Within the world of OZombie we’re going to discover and must repair instances where Ozites are being turned against each other by abuse of this same knowledge. You’ll find Munchkins engaged in ritual sacrifice of their friends and family members, Quadlings committing mass suicide, Winkies snitching on each other, Vegetable People on death marches and the inhabitants of China Country smashing their own homes – all because authority figures have convinced them these things must be done. More critically, you’ll find yourself in positions of power over others with trusted authority figures asking you to do things you know are wrong. How will you respond? 

It’s a fascinating topic and one that few games (“Fallout” is one) have properly explored. And it’s this type of conformity we’re referring to with the use of “zombie” in the game’s title. What’s interesting to me is reading the different tone in reaction comments on websites announcing our Kickstarter campaign. On those sites where the writer (an authority figure) details the game’s narrative theme and alternative use of the word “zombie,” the reactions are largely positive. On those sites where the narrative isn’t mentioned or the “zombie” idea is highlighted in a negative way, the comments are largely negative. Goes to show that independent thinking is a rare and special thing. 

Zombies, What’re They Good For?!

There’s been a fair amount of commentary on the idea of “zombies” in OZombie. The title is pretty in-your-face about the whole “zombie” thing, but as I’ve detailed on the Kickstarter page, in recent updates and in interviews, these are not your typical, shamble of the mill, brain-eating zombies. In this instance we’re applying one of the alternate definitions of the word:

zom•bie [zom-bee] noun

1. the body of a dead person given the semblance of life, but mute and will-less, by a supernatural force, usually for some evil purpose.

2. a person whose behavior or responses are wooden, listless, or seemingly rote; an automaton.

3. a tall drink made typically with several kinds of rum, citrus juice, and often apricot liqueur.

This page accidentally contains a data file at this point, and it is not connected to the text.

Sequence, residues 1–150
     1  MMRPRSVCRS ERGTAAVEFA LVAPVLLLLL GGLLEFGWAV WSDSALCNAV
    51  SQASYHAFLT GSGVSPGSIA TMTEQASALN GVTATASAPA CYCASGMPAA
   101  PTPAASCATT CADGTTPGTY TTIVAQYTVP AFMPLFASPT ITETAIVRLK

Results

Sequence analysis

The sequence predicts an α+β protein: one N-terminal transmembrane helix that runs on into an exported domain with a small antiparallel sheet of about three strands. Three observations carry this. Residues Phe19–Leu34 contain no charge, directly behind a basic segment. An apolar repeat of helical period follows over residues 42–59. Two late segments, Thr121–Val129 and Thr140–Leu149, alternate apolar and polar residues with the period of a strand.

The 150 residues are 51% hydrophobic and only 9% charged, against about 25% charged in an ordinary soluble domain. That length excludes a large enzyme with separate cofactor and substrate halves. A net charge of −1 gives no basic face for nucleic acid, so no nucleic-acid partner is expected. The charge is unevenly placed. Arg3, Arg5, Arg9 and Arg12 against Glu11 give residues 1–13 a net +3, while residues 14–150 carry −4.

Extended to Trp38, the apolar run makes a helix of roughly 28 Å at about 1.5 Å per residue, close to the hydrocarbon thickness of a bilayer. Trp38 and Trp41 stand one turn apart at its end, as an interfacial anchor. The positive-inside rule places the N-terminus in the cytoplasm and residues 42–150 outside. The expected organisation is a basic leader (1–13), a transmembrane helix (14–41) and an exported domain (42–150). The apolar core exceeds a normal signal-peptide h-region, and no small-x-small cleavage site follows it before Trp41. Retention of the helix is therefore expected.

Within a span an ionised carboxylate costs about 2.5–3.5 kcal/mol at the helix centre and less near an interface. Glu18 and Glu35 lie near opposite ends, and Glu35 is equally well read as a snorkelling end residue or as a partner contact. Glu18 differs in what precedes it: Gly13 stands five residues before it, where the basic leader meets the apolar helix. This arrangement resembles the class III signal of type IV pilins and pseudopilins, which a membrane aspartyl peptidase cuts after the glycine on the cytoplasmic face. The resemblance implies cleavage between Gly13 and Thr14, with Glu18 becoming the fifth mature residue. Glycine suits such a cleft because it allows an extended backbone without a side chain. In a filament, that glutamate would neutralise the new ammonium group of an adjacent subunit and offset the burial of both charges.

4. Canadian Slang. an army conscript assigned to home defense during World War II.

Yes, that’s right. OZombie actually casts Dorothy as an army conscript assigned to Canadian home defense during WWII. You got me. This is the game I’ve ALWAYS wanted to make. She’s drank too many zombies and lost her marbles – resulting in a psychedelic journey to an imagined world of Oz. We were going to call it “OZ-CanadianArmyConscript,” but it just didn’t have the right ring.

Seriously, the definition we’re going for here is #2 – an automaton. Specifically, of the type found throughout our modern society. The person who goes about their daily lives oblivious to the political and financial forces that shape and determine the quality and content of life. “The Matrix” offered beautiful commentary on this concept – of an entire race plugged into a simulation of life, and of a certain number of people who would prefer the illusion to the reality. These are the kinds of zombies we’re talking about.

I know the name is causing some confusion, but to be honest, I think that confusion only serves to prove the point. You’re reading this because you know the truth, because you know there’s another layer to the story. The knee-jerk reactions from readers in the comment sections on Eurogamer or Kotaku shows they haven’t bothered to go beyond the headline. They jump to a lazy conclusion and deprive themselves from a deeper, more meaningful understanding. You can’t force understanding and I don’t think it’s my responsibility to force a more “descriptive” title on the game for the sake of those zombies.

Beyond the metaphorical, there’s the literal usefulness of the name “OZombie.” It creates a clear and defend-able name space for the game, was available as a domain name and it’s instantly recognizable and it’s easy to remember. Even the current controversy around the name is useful because it’s forcing people to talk about the project.

A zombie by any other name would smell as rotten.